It always looks manageable on paper.
Given the resources and talent at the disposal of MLS and Liga MX teams in the CONCACAF Champions League, getting four teams from each league into the knockout round seems like it would be a cinch.
But it never quite works out that way.
In the three tournaments since the format switched to three-team groups, neither of North America’s top two leagues have been able to send the maximum number of teams to the last eight of the tournament.
Call it bad luck, call it poor squad management, or maybe it's just an underestimation of a group of motivated, well-supported and technically capable teams who happen to have a smaller profile. But the fact is that each year, at least a couple of teams from Central America edge out their rivals from MLS and Liga MX.
When you give a casual glance to the group-stage draw for the 2015-16 tournament, it is hard to see where an MLS team might falter. For the first time since group play was instituted for the 2008-09 tournament, not one MLS team in the draw faces the dreaded possibility of a trip to Costa Rica – whose clubs delivered two teams to the 2014-15 semifinals.
Yes, the Vancouver Whitecaps and Seattle Sounders make up two-thirds of the “Group of Death," along with Honduran outfit Olimpia – who, coincidentally enough, knocked out the Portland Timbers last time around and will be on the hunt for two more Cascadia scalps. Even then, the probabilities still favor an MLS team getting out of Group F.
Outside of arguably the hardest group the CCL has ever seen, the draw looks to be mostly favorable for MLS teams. In addition to avoiding the Ticos, the three remaining MLS sides all skipped out on the region's next-toughest away trip, Honduras. The LA Galaxy (Group D) and D.C. United (Group H) both drew Caribbean opposition, against whom MLS teams have gone an unbeaten 13-0-3 in CCL group play.
Though 30-time Guatemalan champs Comunicaciones and Panamanians Arabe Unido – always a thorn in the side of MLS teams – will give the Galaxy and United tougher tests, the two US teams should still be considered favorites.
Real Salt Lake (Group G), meanwhile, face another Guatemalan power in Municipal, but also face El Salvador's Santa Tecla, who have never played in this competition before.
It never seems to work out quite as smoothly as expected, but if four MLS teams can make it to the knockout round for the first time next spring, it will be a real sign of progress for the league both in terms of results and in terms of development. The highest number of MLS clubs ever to make it to the quarterfinals in the seven previous editions of the tournament was three (in 2011-12, 2012-13 and 2013-14).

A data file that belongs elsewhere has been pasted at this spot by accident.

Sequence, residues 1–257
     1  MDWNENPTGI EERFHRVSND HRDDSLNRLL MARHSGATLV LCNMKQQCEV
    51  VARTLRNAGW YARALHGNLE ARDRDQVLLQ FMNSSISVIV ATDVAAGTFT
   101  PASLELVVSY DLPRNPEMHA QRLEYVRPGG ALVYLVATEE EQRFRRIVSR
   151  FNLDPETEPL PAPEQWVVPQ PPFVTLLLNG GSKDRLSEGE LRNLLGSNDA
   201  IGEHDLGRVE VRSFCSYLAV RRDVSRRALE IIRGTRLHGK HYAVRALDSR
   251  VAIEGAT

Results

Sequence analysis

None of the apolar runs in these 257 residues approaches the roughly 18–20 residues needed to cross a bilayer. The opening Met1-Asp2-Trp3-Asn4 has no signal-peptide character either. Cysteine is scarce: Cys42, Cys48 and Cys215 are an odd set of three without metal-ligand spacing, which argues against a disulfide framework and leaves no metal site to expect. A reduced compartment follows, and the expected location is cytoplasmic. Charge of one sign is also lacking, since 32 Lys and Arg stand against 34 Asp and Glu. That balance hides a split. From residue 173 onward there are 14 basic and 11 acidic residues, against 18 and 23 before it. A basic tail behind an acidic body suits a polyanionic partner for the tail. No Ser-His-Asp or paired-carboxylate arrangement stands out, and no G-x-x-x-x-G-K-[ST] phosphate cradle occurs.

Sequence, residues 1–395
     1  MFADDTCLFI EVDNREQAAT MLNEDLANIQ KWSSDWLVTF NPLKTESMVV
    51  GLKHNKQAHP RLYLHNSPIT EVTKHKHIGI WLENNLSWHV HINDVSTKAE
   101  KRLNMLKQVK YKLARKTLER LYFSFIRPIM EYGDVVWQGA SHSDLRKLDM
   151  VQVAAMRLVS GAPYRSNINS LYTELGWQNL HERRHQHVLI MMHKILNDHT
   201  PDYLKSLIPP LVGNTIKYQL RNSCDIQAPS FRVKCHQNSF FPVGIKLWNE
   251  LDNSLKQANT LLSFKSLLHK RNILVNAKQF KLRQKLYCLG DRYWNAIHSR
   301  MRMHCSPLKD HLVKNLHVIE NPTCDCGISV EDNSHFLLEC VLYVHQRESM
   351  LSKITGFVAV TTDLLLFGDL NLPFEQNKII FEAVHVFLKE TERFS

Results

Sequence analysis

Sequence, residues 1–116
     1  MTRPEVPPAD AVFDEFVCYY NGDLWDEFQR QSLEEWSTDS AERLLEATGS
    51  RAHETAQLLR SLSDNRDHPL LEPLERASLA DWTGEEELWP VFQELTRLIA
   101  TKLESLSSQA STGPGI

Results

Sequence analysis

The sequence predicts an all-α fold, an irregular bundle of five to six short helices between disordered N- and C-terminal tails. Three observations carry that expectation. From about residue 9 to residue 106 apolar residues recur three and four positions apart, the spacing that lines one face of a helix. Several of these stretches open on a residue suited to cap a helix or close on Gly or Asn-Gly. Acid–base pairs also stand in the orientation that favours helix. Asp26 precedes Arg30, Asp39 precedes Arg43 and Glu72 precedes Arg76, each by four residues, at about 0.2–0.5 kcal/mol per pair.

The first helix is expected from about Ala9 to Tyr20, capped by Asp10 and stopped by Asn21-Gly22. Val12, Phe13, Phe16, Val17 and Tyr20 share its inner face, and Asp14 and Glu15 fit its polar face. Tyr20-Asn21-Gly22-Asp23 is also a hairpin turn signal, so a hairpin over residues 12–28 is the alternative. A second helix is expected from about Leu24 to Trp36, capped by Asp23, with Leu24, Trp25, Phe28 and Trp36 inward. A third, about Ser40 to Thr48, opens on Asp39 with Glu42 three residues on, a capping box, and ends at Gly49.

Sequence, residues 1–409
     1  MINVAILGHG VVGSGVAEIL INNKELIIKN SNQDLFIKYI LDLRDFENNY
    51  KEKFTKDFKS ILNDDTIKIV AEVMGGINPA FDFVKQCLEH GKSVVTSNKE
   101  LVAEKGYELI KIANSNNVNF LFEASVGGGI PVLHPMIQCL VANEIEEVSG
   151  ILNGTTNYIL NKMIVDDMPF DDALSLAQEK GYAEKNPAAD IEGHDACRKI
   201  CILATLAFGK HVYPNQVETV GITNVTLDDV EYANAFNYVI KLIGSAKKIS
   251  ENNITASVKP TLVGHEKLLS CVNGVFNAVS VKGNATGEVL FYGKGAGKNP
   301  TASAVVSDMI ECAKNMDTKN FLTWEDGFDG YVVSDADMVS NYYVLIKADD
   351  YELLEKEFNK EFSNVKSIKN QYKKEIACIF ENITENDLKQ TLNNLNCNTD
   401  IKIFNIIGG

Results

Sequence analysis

What might make things difficult this year is that all five teams will almost surely be involved in an MLS Cup Playoffs push that will likely require production from the talent on the back end of their respective rosters, an area where MLS teams have lagged behind their Liga MX counterparts.
In searching for the path to CCL success, MLSsoccer.com's Armchair Analyst, Matt Doyle, put it best in breaking down Montreal’s collapse in the 2014-15 CCL final, from which we are just one month removed: “MLS teams have to continue to invest in their academies and reserve teams, building both a squad and an adaptable style of play from within.”
The five MLS teams involved in this year’s tournament have been among the better teams in the league when it comes to investing in and bringing along academy products, as well as making full use of the league’s emerging relationship with the USL. Four of the five MLS teams in the 2015-16 CCL now operate their own USL affiliates and the one that doesn’t, D.C. United, has made heavy use of their affiliation with the Richmond Kickers.
The CCL is exactly where USL ties will come in handy. A player who has logged 20-plus games for LA Galaxy II, for example, in a professional setting like USL will be far more seasoned, fit and ultimately effective than the same player who got just a handful of appearances for the reserves and maybe a few cameos with the MLS first team. MLS coaches will simply have more reliable options in those high-strung, physical CCL group-stage matches that come with plenty of adversity and long-distance travel.
The group stage will surely throw up a few surprises and a few funny bounces of the ball on those sometimes-questionable fields found throughout CONCACAF. But MLS teams are becoming increasingly more capable of dealing with the factors that are within their control, and that is reason for optimism.